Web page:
This report is about human resource management. Betcherman et al. (1994) defined human resource into three aspects: organizational and job design, organizational culture, and personnel policies and techniques as to ensure that the workers full prospective or potential can be achieved. According to Storey (2001:5) Human Resource management is defined as ‘a distinctive approach to employment management which seeks to achieve competitive advantage through the strategic deployment of a highly committed and capable workforce, using an integrated array of cultural, structural and personnel techniques.’ Marchington and Wilkinson, (2002) identified through research that people really do make the difference in human resource management. The truth behind this is that it’s supported on ‘high-commitment’ model which ensures that investing in people/human resource makes good business. This lay a foundation for the human resource professionals to make point that people really are their most important resources to the organization which now leads to work out how principals can be then turned into practice. This report will show how human resource works in sports industry and there will be critical examine on hard and soft model followed in the Bolton Wanderers case study and which model is more prevalent and successful in day to day operations and management activities. Human resource management is the most important department in any organisation to improve their knowledge and increase a good strategy towards employees. Mainbody
According to Storey (1992) there are two ideal and essential models of Human resource management one is ‘hard’ also known as Michigan model and other one is ‘soft’, i.e., Harvard model. The hard model of human resource management highlights the term ‘resource’ which adopts a logical approach in the management of employees in which people are taken as financial factor where cost must be controlled. Whereas, the soft model accentuate ‘human’ and hence training and development is given more emphasis in this model on a closer look to ensure the employee development and that the employees are adopting the strategies and policies so that a high level of staff can be achieved who can deliver their skills and give a better turnover in the competitive environment. (Bratton and Gold, 1999) Michigan Model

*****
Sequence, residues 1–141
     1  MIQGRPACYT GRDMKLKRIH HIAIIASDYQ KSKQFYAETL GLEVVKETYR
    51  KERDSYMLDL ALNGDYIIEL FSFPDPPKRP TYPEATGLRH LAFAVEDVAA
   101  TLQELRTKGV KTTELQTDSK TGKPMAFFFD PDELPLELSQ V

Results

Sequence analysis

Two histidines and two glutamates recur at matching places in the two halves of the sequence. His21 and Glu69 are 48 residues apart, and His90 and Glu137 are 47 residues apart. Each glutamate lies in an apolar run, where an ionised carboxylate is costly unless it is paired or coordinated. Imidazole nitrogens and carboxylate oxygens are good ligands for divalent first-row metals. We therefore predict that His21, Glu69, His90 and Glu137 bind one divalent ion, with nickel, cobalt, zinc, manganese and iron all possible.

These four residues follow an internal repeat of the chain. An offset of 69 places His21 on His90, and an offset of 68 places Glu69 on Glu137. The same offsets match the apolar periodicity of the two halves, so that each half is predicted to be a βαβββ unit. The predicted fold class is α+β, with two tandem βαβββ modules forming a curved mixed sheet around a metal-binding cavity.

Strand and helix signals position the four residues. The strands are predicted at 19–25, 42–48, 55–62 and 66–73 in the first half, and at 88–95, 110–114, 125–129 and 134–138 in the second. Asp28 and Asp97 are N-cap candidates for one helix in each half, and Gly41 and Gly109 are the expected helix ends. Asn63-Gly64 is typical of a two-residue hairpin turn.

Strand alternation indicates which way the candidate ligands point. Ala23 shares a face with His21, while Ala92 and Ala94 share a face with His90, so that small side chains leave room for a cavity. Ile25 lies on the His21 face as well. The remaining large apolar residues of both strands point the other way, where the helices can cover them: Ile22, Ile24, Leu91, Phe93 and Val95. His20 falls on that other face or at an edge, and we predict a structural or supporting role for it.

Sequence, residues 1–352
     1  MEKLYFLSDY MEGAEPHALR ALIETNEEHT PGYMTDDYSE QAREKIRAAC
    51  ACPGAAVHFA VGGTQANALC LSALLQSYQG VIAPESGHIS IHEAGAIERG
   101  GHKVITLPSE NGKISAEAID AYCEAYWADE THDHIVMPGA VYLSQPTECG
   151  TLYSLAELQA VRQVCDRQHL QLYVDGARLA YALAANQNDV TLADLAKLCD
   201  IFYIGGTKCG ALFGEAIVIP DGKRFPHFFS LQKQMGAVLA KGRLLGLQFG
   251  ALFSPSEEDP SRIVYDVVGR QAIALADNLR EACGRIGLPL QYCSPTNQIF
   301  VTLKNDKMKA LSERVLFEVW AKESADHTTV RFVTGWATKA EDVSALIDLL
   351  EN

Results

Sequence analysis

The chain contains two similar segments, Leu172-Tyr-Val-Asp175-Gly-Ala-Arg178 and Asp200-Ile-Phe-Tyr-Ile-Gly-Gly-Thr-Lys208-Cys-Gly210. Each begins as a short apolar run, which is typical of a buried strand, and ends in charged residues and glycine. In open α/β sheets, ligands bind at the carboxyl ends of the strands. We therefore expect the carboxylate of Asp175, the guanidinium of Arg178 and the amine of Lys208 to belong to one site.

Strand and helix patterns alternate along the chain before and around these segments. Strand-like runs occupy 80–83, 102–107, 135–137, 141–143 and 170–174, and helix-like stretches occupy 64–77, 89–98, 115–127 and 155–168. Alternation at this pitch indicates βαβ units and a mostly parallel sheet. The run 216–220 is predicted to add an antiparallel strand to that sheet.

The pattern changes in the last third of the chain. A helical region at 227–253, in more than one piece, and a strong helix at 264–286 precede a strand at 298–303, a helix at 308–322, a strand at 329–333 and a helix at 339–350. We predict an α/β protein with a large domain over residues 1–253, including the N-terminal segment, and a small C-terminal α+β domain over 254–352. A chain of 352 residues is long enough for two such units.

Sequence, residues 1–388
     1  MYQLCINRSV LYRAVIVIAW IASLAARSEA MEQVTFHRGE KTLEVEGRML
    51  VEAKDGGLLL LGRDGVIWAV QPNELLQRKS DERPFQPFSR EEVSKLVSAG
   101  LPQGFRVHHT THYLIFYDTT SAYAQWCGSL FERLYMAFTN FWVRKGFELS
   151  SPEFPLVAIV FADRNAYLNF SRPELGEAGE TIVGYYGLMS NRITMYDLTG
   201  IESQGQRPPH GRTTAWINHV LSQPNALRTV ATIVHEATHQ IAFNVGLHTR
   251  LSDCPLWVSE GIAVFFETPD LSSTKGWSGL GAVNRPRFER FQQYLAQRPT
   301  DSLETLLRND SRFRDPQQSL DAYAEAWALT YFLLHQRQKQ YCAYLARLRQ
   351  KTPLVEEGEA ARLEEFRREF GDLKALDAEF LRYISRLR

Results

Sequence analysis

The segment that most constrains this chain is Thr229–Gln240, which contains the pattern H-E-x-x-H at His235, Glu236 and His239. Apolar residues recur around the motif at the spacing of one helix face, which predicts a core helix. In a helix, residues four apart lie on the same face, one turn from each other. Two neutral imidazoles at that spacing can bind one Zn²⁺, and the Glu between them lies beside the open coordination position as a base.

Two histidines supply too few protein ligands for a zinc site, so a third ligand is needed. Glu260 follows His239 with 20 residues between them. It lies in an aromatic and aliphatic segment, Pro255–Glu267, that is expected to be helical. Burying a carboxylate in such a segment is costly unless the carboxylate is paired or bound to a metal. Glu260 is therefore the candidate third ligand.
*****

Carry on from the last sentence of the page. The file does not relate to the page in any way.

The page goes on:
Legge (1995) states that in hard model there is a trend to see employees as to be supervised and mastered following quantitative, intellectual and calculative approach to get ensured that the work force is expeditiously positioned to get the maximum advantage. It is concerned with the no of employees and whether every single person is meeting the goals of the organisation. (Fombrun et al., 1984).While planning the policies one part of hard model; administration need to know what is the turnover rate and is based more on statistics rather than behavioural science of human being (employees) and is more appropriate in sports sector where pressure of work is much more. Furthermore Michigan model is the human resource cycle, which starts from development, move forward to selection, performance, and appraisal and than back to development or to Reward. Related to Bolton Wanderers football club case study
The development of the football club is the important part, but at Bolton Wanderers, it was not a good situation, because those were posted financially and have a high debt burden. The reason was a newly formed football stadium, when in 1999 Sam Allardyce was appointed as manager with the premises to promote the club from First Division to Premier League and to establish there with given opportunity. Moreover Bolton Wanderers ensure that every member was feeling to be a part of Bolton ‘family’. Furthermore the heavy debt burden effected on selection highly, because they could not attract the best players with huge salary. Thereby they decided to expand their scouting network and academic facilities to afford...
Bibliography: Armstrong, M., & Murlis, H. (1994). Reward Management (2nd ed.). London: Kogan page.
Bach, S. (2005). Managing Human Resources: Personnel Management in Transition (4th ed.). Oxford: Blacwell Publishing.
Betcherman, G., McMullen, K., Leckie, N., & Caron, C. (1994). The Candadian Workplace in Transition. ontario: IRC Press.
Bratton, J., & Gold, J. (1999). Human Resource Management : Theory and Practice (2nd ed.). London: MACMILLAN Press.
Cowling, A., & Mailer, C. (1998). Managing Human Resource (3rd ed.). London: Arnold.
Fombrun, C., Tichy, N. M., & Devanna, M. A. (1984). Strategic Human Resource Management. New York: John Wiley.
Legge, K. (1995). Human Resource Management: Rhetorics and reality. London: Macmillan.
Marchington, M., & Wilkinson, A. (2002). People Management and Developmenet : Human Resource Management at Work (2nd ed.). London: Chartered Institute of Personnel and Deveopement.
McKenna, E., & Beech, N. (2002). Human Resource Management: A Concise Analysis. Harlow: Pearson Education Limited.
Millmore, M., Lewis, P., Mark, S., Thornhill, A., & Morro, T. (2007). Strategic Human Resource Management. Harlow: Pearson Education Limited.
Stone, R. J. (1998). Readings in Human Resource Management (Vol. 3). Bisbane: Wiley.
Storey, J. (1992). Developements in the Management of Human Resources. Oxford: Blackwell.
Storey, J. (2001). Human Resource Management- A Critical Text (2nd ed.). London: Thomson Learning.
Please join StudyMode to read the full document